Saranac Lake artist Jenny Curtis prepares for her first solo exhibition, which takes place at ROTA Gallery in Plattsburgh until Thursday, Jan. 10.
PLATTSBURGH — For local artist Jenny Curtis, it all begins with nature.
She finds inspiration all around her, from the forests that surround her home in Saranac Lake to the spot along the Jackrabbit Ski Trail in the Eastern High Peaks where the red pines stand tall and thin.
“I get a lot of inspiration from nature and organic forms,” Curtis said. “Right now I’m really obsessed with how organic forms repeat in nature, everywhere in everything. I think about it all the time.”
Lately, those repeating patterns have inspired such paintings as “Baby Teeth,” a turbulent array of colors and patterns all transposed according to an unwritten, abstract theme.
A wild range of reds holds the piece together, with yellows, blues and black punctuating them, and in the upper left corner, what appears to be a mouth holds a set of small teeth.
One tooth appears to have escaped, and is connected to the orifice via a thin, wavy line.
But then again, maybe the tooth didn’t become free of the mouth, maybe that’s how the mouth acquires new teeth.
Or maybe that isn’t even a mouth at all.
While some artists strive, and sometimes fail, to instill a direct sense of meaning into their work, Curtis prefers to leave that up to the viewer.
“I like to hear what other people have to say about my work,” Curtis said. “I’ve learned a lot about my paintings by listening to others.”
Her newer pieces, like “Baby Teeth,” and one she simply refers to as “The Big One,” reflect a less-direct, almost stream-of-consciousness approach to painting, while her older work seems to be more pointed.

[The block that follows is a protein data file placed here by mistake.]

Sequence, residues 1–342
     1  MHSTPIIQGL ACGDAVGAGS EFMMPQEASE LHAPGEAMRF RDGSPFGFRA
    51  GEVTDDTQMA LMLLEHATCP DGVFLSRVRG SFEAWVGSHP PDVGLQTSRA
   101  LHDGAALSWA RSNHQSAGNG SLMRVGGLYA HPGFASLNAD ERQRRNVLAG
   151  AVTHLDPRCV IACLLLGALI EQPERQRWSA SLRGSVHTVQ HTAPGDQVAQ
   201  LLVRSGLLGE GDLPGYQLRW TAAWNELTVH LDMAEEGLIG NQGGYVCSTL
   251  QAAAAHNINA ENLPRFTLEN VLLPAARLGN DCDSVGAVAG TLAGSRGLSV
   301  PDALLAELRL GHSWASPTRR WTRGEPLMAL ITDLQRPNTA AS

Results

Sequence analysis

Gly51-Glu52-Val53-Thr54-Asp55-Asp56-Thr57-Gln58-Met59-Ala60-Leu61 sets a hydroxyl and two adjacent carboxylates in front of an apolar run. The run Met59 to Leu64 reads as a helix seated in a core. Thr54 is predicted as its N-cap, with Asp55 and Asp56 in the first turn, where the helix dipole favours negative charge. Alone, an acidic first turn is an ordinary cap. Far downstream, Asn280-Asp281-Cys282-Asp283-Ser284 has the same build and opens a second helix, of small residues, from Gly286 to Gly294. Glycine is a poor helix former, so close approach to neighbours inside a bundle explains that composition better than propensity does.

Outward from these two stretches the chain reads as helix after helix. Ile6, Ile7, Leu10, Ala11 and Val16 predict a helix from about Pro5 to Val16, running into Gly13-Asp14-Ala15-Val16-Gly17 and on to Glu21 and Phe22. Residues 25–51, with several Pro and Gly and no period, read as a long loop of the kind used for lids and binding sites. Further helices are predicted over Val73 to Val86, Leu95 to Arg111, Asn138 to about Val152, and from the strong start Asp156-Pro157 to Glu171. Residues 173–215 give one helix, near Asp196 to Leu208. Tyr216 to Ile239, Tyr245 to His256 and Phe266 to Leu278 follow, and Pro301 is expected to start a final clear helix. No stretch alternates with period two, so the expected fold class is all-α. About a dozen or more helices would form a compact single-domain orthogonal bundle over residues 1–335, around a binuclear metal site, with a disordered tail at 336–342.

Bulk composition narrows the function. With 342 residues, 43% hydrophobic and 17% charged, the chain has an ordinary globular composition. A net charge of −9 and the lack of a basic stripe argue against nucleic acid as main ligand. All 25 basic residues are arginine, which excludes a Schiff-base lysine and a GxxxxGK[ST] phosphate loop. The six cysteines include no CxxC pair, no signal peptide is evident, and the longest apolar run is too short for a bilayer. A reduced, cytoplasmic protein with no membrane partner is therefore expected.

Painting isn’t the only medium she employs, either.
One of Curtis’ sculptures, “The Horse,” is just that—a paper sculpture of a horse.
But it isn’t just a horse. The animal’s back is bent to give the entire piece a circular look, and there are yarn and polymer-forged intestines dangling from its belly.
“I explore death a lot because that’s part of nature’s cycle,” Curtis said. “The way things decompose and get turned into other things is intriguing to me. Humans have an aversion to death, but death isn’t necessarily bad—it’s just a part of life.”
Curtis likes to incorporate real objects into her art when she can.
The teeth on “The Horse” were made using a cast of Curtis’ own teeth, and there is milkweed fluff imbedded in the polymer discs that hang from the animal’s stomach.
She also used real hair—some of her own, some of her mom’s, and some from her professor’s sister—to create the animal’s mane, tail and nostril hair.
And then there is the chandelier, which is comprised of a lamp shade from which fawn bones hang like a mobile for a baby coyote.
“I found those fawn bones in the forest, and I liked their delicacy,” Curtis said. “I liked how they were still in the form of an animal.”
Curtis admits that some of her themes might seem morbid, but she insists that they really just explore nature as it is, and adds that a lot of her work, like “Boy with the Pearl Earring,” which was inspired by Johannes Vermeer’s “Girl with the Pearl Earring,” is done with good humor in mind.
“A lot of my work is humorous,” Curtis said. “I have videos that are just nonsensical and absurd. I think humor is a very important part of the creative process.”
Curtis has been making art her entire life, and utilizes several mediums. She is currently finishing a Bachelor in Fine Arts degree in painting and drawing from SUNY New Paltz.
Her work has been shown at the Lake Placid Center for the Arts and at various shows in New Paltz.
Curtis’ first solo exhibition, which includes all of the above described pieces, as well as photographs, video, sculptures and oil and acrylic paintings, opened at ROTA Gallery in Plattsburgh on Dec. 30 and runs until Thursday, Jan. 10.
The gallery is open daily from noon-5 p.m., and all of Curtis’ work is for sale.
For more information, visit rotagallery.com.